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A caffeine-free coffee plant is finally here

May 22, 2009 |  5:24 pm

Coffea_charrieriana3

Yes folks, a caffeine-free coffee plant is one of 2009's top 10 new species, announced today by the International Institute for Species Exploration at the University of Arizona. It's the only caffeine-free coffee species to be found in the whole of West Africa.. Marvel at it. Just don't use it to make my morning brew.

Among the top 10 of 2009 is another interesting organism, a bacterium that lives happily in hairspray, dubbed Microbacterium hatanonis. Think about that the next time you're getting ready for a fancy evening out.

The above two species are the only two of the 10 winners that have anything remotely to do with health and nutrition, and they're why we even managed to squeeze the news in at this site. We encourage you to go to the Institute for Species Exploration website and view the whole list. A seahorse the size of a pea, a snail that coils on four different axes (it's a spectacular-looking mess!) and a gigantic palm in Madagascar that "flowers itself to death, producing a huge, spectacular terminal inflorescence with countless flowers. After fruiting, the palm dies and collapses." 

And if you want to nominate your own species for next year, there's a place at the site where you can do so. And no, I don't think H1N1 swine flu virus would qualify.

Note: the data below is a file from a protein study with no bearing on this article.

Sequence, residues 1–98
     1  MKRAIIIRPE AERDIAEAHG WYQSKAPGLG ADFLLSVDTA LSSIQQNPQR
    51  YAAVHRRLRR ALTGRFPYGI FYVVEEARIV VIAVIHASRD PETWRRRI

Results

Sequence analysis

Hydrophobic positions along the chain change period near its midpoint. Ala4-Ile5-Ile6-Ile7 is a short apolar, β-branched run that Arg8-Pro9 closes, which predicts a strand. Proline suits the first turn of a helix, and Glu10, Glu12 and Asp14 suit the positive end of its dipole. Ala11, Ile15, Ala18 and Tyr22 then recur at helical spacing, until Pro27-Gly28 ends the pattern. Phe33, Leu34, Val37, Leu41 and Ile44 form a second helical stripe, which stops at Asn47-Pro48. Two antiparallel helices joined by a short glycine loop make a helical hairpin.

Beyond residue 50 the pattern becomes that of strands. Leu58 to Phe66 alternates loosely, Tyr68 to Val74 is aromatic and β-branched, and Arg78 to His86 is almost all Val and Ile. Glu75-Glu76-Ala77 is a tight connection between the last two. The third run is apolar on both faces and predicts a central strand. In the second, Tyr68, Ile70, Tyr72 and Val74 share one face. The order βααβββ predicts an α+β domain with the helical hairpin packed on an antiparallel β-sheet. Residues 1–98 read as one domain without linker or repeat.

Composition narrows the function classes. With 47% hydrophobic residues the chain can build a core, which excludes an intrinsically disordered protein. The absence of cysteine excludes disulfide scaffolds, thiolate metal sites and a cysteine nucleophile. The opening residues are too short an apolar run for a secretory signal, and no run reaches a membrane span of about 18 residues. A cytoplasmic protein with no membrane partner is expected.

-- Rosie Mestel

Photo: University of Montpellier II/ Fran├žois Anthony

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Comments (4)

Why waste money on insipid drek?

Very interesting, especially since so much work goes into the decaffeination process in coffee-producing farms around the world. The real key will be how the resulting coffee tastes (will depend on location of growing).

When this would be available in the Market to buy

Looking forward

Cheers

Ayyan....

Given how horribly distasteful the coffea canephora (robusta) and many of its sister species taste (burnt tires, etc.), how exciting is "naturally decaffeinated" when there's every suspicion that this will make us retch when brewed?

Just because a species is in the coffee family, odds are that it will either require massive amounts of chemical processing to taste like its coffea arabica sister -- or it's beyond salvaging as something palatable.

I don't see how this is a plus.



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